Retractable Awning FAQ

There are many ways to add value and comfort to the outside of your home, but one of the best ways to achieve this is by installing a retractable awning. Here we take a closer look at retractable awnings with a few frequently asked questions, from what they are and how they work to the various parts that make them.

What is a retractable awning?

An awning is an overhanging covering attached to the outside wall of a building — sometimes residential, sometimes commercial. While traditional awnings have been set in place, it’s becoming increasingly popular for retractable awnings to be used. These types of awnings can be extended or retracted depending on the weather conditions; extend them for cover on scorching hot or rainy days, and retract them to soak up the weather when conditions are perfect.

What are the parts of a retractable awning?

The best retractable awnings are made of aluminium die cast parts and resistant steel cables with articulated arms. Most retractable awnings are motorised with a remote control, but the best modern examples can also be controlled with sun or wind sensors, meaning they can be retracted to suit the conditions even when the homeowner is away. Additionally, the awning fabric should be made of long-lasting, UV-resistant material, and will come in a range of different colours to complement the area where they are being installed.

What is a valance?

A valance is a piece of fabric that is hung from the edge of a canopy for added shade and protection. Many retractable awnings come with an optional vertically-adjustable valance that can be fitted after the awning is installed. These valances are operated with additional hand cranks and can often extend over 1m down from the awning, providing an extra option to block out the sun or rain in extreme Australian weather conditions.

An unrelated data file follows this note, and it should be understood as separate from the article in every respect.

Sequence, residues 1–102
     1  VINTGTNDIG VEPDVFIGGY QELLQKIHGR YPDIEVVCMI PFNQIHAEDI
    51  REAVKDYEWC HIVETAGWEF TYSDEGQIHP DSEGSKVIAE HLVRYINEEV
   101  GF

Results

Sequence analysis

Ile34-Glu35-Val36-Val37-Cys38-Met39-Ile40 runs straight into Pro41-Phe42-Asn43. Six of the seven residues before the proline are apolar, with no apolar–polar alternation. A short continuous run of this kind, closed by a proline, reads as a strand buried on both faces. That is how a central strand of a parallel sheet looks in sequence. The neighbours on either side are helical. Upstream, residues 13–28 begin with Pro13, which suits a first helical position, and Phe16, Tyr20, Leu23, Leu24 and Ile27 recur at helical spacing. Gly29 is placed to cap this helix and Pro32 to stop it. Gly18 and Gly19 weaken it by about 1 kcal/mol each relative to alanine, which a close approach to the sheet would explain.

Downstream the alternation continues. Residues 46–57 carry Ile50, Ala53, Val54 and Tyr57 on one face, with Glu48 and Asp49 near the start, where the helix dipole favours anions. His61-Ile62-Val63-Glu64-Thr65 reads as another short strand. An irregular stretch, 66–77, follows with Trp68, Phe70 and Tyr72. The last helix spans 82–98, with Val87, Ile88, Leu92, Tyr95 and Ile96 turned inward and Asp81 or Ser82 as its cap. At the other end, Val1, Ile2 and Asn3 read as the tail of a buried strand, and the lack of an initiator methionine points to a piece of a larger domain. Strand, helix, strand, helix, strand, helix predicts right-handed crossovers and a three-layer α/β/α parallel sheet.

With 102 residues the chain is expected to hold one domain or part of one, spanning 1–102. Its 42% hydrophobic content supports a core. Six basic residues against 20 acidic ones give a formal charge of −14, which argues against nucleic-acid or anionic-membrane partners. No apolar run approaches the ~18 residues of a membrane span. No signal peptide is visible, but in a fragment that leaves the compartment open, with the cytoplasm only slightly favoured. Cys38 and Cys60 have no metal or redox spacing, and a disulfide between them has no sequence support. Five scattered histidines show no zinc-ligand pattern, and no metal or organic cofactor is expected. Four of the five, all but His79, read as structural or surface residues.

How durable is a retractable awning?

Because they are designed to protect from the elements, retractable awnings are made to be super durable, with the best modern retractable awnings reaching a rating of 6 on the Beaufort Wind Scale. The Beaufort scale is a measure of wind speed split into 13 categories from no wind at all to hurricane conditions. A rating of six protects the awning from conditions where large branches are swaying and umbrellas have become difficult to use.

What are the benefits of a retractable awning?

The biggest benefit of any awning is its ability to protect from the elements. Awnings provide shelter from the oppressive heat of the summer or the unpredictable rainy conditions year-round in Australia. Awnings also have the ability to create an obvious entertaining area in your home for people to gather, as well as being aesthetically pleasing by complementing the features of backyard with a wide range of available fabrics.

How far does a retractable awning extend?

The average retractable awning can project up to a maximum 4m, with a 7m width. As mentioned previously, there is also the option of a retractable valance that can extend over 1m vertically downwards.